- Sorry for the delay! This story just doesn't flow like it used to. I won't abandon it, though. Promise.
- VERY short chapter. Well, compared to chapter twenty-nine.
- "Inception" fans: visit my other stories and let your mind be blown. ;)
- Bellice, Jalice, & Jaspward fans: I have a new story, "Thinking Of You", that might catch your fancy. :)
- None are coming to mind.
- Actually, one warning: Be on the lookout for falling cliches.
- SMeyer is still the man. Well, you know what I mean...
As I reached the faded stop sign just below our driveway, I fiddled with the radio, praying that the downpour would wait, at least until I got closer to my destination in Port Angeles. There, the radio signals were stronger and the rain would not interfere quite as badly. Here in Forks, even the slightest drizzle meant that there would be static across the board, even on the supposedly infallible AM stations, not that I would want to listen to those anyway.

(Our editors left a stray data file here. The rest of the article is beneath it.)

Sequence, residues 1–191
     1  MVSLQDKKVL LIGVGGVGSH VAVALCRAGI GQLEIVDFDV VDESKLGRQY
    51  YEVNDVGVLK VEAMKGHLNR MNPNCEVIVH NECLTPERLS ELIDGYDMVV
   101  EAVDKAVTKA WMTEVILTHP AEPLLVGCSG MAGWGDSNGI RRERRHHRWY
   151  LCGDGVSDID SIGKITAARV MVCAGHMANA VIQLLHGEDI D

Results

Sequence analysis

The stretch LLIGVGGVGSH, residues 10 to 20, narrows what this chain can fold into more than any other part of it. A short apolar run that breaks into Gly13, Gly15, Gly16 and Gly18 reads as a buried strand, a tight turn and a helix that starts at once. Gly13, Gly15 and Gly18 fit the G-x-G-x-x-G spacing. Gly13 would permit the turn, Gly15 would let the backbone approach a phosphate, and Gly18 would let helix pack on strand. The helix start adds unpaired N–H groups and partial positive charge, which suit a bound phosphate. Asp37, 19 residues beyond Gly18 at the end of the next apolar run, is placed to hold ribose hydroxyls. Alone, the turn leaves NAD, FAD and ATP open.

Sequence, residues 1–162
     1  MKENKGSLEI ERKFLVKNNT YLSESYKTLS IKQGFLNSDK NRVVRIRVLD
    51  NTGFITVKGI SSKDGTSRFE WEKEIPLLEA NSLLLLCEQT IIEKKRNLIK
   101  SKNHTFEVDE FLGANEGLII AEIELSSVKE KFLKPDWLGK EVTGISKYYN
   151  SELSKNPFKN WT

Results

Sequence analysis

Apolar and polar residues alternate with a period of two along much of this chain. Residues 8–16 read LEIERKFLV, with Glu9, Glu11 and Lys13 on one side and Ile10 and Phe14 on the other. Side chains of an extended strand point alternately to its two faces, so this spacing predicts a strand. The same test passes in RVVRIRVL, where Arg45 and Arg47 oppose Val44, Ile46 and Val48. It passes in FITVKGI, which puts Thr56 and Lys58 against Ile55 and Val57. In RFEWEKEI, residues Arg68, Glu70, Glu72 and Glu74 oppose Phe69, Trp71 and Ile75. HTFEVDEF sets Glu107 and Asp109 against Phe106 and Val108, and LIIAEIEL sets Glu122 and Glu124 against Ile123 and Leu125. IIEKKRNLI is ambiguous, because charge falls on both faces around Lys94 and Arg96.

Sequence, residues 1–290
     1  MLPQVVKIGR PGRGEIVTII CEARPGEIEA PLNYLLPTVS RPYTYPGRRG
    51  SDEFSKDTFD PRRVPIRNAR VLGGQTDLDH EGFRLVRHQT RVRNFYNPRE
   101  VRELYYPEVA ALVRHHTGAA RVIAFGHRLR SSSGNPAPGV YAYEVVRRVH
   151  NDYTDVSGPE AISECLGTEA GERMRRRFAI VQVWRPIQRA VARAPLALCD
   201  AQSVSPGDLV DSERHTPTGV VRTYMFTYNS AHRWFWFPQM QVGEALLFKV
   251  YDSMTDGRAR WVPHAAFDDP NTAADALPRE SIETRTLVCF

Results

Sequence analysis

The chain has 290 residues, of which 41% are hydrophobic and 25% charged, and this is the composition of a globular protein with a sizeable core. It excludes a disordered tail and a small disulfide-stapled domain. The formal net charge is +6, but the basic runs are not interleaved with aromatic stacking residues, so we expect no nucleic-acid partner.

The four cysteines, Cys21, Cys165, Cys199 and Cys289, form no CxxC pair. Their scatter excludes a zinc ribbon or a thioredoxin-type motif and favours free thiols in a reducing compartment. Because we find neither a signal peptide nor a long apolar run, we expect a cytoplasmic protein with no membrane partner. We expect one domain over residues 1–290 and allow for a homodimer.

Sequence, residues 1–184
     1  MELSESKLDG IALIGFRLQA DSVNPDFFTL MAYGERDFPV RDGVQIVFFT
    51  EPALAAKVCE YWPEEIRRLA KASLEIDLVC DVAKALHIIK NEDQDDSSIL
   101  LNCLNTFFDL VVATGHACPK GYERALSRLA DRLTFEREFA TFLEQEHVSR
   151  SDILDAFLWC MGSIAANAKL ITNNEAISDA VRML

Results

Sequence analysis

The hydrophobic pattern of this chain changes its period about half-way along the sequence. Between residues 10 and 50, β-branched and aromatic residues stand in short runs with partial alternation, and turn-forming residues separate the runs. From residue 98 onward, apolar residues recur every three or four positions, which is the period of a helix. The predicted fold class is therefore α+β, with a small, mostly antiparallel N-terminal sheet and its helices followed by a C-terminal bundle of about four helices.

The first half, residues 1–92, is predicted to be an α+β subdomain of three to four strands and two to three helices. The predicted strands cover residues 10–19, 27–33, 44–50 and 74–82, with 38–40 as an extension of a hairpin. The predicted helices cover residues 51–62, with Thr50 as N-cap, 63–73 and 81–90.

I peered out the misty windshield up to the dreary sky above. It was slowly blackening, a huge dark cloud slowly making its way towards Port Angeles. Perfect. No, this weather was nothing new, but still…. Could the rain not wait just one more day, a day when I had nothing planned? No, it just had to storm when I actually had something to do besides go to school or to a shift at Newton's. I shook my head and sighed at the way that life seemed to operate sometimes.
C'est la vie! I thought.
I drove onto the nearly empty paved road, honking the horn and waving my hand as I passed Ms. Slade, the neighborhood's resident 'artsy loon', as she was quite affectionately called. She was a recent Seattle transplant with an obvious flair for the loud and dramatic, but she was one of my very favorite people in the town. She paused in her tending to the flowers in her yard and quickly returned my friendly gesture. I smiled and then turned my eyes back to the road upon which I was currently speeding (but only by a little). Being the sheriff's daughter most definitely had its advantages. I laughed at myself and turned the radio up, ignoring the oh-so-annoying static as best I could.
Soon, though, the sky was darkening much more quickly than before; apparently, I was driving right into the storm, and I loathed Mother Nature's horrible, horrible timing, but not for the first time in my life.